Barnardo’s boy who will float the Queens boat.(Philip Morrell)

Christopher Middleton (by kind permission of Daily Telegraph)


The following article is reproduced with the kind permission of the daily Telegraph.

Barnardo’s  boy who will float the Queens boat.

He was an illiterate, homeless orphan-but entrepreneur Philip Morrell now has the honour of leading the Jubilee flotilla.

This is part of an interview that Philip gave to freelance journalist  Christopher Middleton, who has kindly let me use it for our site.

Four centuries ago, Sir Walter Raleigh laid his cloak over a puddle in order to prevent the monarch from getting her feet wet. This summer, Philip Morrell is going one step further, and lending the Queen his ship.

In May, his immaculate, 210 foot long luxury cruiser, Spirit of Chartwell, is going to be whisked off to a secret waterside location. Once there, it will be decked from stem to stern in flowers of red, gold and purple, and topped with a gilded canopy, beneath which, on June 3, a seated Queen and Duke of Edinburgh will be ferried down the Thames, at the head of a 1000 boat Diamond Jubilee flotilla. It's prow will sport a dramatic, gilded carving of Father Thames, looking fierce and bearded, and wreathed in teeth-baring sea monsters.

Seated happily amid the hubbub, Philip Morrell says he finds it all rather hard to believe. And when you hear his life story, you can understand why.

Today, he is the successful 67-year-old businessman who built up travel firm Voyages Jules Verne, and sold it for a small fortune to Kuoni. But, 62 years ago, he wasn't so much captain of his ownership as a helpless young castaway.

“At the age of five, I was found abandoned and wandering the streets of London by the Christian mission,” he says” I never knew my father, and only met my mother 30 years later when she was on her deathbed. I ended up in a Barnardo home and was put out for fostering, but then my foster parent died. I hated my next foster parents so much, I asked to go back to Barnardo’s, and was sent to their sea training school at Parkstone in Dorset for two years.”

“I was there one day when Prince Philip came to visit us in a helicopter, unheralded, no publicity, just a private visit. When I was at Barnardo’s,[ the Royal family] gave us a lot of time; there was a deep sense of respect between us and them, and my thoughts often go back to then. Offering them my ship is the least I can do; it's an honour.”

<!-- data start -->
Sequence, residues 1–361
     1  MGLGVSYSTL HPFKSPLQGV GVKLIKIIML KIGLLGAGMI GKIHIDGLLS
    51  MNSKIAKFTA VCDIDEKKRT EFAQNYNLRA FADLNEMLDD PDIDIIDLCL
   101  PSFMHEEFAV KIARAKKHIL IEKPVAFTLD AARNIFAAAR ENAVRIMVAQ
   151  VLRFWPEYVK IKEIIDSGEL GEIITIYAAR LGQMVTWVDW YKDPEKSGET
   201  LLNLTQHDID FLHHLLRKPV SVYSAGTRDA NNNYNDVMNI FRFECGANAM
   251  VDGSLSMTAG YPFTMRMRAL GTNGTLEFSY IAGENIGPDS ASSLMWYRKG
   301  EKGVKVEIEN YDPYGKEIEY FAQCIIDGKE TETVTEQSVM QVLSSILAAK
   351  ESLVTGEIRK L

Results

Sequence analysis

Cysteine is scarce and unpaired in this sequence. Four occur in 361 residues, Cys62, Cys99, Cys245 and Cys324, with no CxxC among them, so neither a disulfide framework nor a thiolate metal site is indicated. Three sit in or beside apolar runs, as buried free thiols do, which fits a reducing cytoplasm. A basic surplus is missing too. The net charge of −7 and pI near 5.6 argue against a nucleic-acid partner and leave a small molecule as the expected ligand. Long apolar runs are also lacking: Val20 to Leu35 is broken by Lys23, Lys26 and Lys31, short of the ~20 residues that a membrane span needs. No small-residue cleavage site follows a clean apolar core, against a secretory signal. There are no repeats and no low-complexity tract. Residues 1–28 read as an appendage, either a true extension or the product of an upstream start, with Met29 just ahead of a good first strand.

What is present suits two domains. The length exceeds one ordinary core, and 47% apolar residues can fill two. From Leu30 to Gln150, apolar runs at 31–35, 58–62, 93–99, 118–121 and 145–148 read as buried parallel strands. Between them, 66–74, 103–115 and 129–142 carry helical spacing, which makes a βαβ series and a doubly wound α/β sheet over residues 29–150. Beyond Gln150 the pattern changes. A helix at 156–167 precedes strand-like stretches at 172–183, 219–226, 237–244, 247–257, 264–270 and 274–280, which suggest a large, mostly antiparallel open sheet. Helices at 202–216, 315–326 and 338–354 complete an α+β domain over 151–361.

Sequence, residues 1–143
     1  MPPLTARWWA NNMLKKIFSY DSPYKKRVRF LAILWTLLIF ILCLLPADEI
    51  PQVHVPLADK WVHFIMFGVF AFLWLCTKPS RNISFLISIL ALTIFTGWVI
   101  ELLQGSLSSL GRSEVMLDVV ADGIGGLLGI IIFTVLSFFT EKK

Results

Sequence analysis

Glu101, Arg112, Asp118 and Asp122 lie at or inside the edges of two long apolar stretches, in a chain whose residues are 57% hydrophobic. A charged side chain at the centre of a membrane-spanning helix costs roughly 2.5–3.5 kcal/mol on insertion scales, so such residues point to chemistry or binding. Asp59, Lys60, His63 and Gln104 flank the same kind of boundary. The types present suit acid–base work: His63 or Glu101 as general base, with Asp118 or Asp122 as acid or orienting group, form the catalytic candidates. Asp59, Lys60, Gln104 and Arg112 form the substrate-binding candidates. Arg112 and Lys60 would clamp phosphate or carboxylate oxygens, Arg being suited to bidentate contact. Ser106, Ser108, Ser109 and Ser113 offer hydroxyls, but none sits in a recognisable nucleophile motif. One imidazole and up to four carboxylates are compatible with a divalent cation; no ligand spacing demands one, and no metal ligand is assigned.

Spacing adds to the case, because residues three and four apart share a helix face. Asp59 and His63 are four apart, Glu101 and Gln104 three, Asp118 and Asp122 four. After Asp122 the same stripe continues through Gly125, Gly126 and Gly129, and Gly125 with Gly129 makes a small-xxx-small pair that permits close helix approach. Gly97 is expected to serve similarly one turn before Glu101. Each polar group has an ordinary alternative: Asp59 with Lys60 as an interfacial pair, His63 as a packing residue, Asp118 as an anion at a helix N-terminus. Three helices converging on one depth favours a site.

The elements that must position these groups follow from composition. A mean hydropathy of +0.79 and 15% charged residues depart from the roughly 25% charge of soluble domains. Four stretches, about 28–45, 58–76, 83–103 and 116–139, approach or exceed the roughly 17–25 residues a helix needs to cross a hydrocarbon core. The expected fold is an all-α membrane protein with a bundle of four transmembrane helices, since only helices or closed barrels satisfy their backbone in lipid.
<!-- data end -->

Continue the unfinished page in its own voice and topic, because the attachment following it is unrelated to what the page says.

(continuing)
And this from a man whose life has not been plain sailing. Unhappy with another foster family in South London(“ they kept reminding me how grateful I should feel”), he abandoned his job as an apprentice stonemason, and ran away to live with the family of a Spanish friend in Notting Hill gate.

“There was me, him, his two sisters and his mother, and they didn't speak English”, he recalls.” For three years they sheltered me, until I was 18 and came out of Barnardo’s jurisdiction. To start with, I got a job cooking omelettes in a cafe. Then I was offered a job at Covent Garden market; I didn't have the fare money, nor did the woman who lived upstairs, but she gave me her last luncheon voucher. I took it to the nearest Wimpy bar, bought the cheapest thing I could, and even though the rule was that you weren't meant to get any change from luncheon vouchers, the man at the till took pity on me and gave me the coins.”

“Next I got an office job where, as well is doing the desk work, I also did the cleaning. I couldn't read or write, but one of my colleagues was kind enough to teach me. My life has changed on individual acts of kindness like that.”